Risk Regulation and Deliberation in EU Administrative Governance — GMO Regulation and its Reform
19 Pages Posted: 29 Sep 2015
Date Written: September 2015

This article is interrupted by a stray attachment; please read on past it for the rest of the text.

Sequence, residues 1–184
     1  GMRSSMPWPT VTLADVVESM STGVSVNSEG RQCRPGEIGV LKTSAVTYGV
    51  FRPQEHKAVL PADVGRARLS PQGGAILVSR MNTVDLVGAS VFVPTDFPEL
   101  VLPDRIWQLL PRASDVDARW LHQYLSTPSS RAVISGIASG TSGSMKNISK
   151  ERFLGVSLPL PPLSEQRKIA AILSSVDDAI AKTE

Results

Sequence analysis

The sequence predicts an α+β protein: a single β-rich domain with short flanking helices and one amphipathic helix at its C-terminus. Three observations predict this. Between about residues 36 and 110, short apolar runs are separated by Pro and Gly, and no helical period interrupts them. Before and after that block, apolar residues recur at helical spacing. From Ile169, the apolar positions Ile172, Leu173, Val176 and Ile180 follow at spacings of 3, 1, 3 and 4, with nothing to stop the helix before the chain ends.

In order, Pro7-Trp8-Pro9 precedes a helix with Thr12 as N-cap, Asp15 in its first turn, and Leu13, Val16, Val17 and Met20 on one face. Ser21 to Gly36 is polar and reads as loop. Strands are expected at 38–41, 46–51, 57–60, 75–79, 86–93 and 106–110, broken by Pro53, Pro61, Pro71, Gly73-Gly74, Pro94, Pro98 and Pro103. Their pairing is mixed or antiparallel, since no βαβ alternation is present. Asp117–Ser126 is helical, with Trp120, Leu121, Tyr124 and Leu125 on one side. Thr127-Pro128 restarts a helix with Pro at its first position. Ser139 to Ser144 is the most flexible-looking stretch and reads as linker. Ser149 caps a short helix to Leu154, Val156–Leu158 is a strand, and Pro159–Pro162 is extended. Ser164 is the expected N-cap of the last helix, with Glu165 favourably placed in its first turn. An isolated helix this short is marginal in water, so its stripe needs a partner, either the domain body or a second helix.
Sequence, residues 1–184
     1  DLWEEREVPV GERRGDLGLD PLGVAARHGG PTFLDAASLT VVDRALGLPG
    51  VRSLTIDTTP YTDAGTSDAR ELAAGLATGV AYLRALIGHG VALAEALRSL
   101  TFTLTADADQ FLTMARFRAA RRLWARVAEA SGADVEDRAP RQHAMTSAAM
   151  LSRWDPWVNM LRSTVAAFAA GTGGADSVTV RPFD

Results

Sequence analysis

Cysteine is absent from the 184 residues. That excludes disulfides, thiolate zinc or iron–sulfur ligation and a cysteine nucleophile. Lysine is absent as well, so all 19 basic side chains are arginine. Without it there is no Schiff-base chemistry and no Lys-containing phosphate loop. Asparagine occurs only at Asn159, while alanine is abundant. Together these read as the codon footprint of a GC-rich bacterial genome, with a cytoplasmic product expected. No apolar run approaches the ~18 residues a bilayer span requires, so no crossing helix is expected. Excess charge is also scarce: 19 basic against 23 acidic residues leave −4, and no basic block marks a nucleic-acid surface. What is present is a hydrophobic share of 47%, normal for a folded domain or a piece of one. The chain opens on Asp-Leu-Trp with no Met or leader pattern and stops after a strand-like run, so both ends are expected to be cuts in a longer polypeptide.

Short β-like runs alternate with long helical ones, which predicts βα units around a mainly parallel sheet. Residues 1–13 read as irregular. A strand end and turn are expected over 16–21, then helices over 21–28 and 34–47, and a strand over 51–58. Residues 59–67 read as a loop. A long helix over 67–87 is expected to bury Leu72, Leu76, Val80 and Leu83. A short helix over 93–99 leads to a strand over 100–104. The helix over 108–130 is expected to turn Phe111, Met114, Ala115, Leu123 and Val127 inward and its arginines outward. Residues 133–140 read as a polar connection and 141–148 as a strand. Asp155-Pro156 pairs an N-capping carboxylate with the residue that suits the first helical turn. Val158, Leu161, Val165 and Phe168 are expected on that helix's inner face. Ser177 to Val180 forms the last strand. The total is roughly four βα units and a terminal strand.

The article analyses the problems of EU risk regulation of genetically modified organisms (GMOs) through the lens of deliberative theories of EU law and governance, such as deliberative supranationalism and experimentalist governance. Previous research had suggested that the GMO issue is not conductive to deliberation within EU institutions because of its high politicisation. This article argues that another equally salient factor is the scientification of the GMO authorisation process. Scientification stands for the Commission's overreliance on epistemic legitimacy as the basis for risk management. Given the deadlock of comitology in this field, scientification is exacerbated by a reversion to top‐down regulation by the Commission. As a result, political responsibility for GMO authorisations gets lost. This article argues that both scientification and politicisation are mutually accelerative processes ultimately leading to a break down of dialogue at the EU level. This contradicts the assumption that deliberation is fostered by technocratic ‘behind closed door’ decision‐making. In the GMO case, the top‐down imposition of epistemic authority has only increased politicisation contributing to the de‐legitimation of all EU institutions involved in GMO regulation. The recent EU reform on national opt‐outs is not sufficient to address this problem. A successful reform should mitigate the negative effects of both politicisation and scientification.
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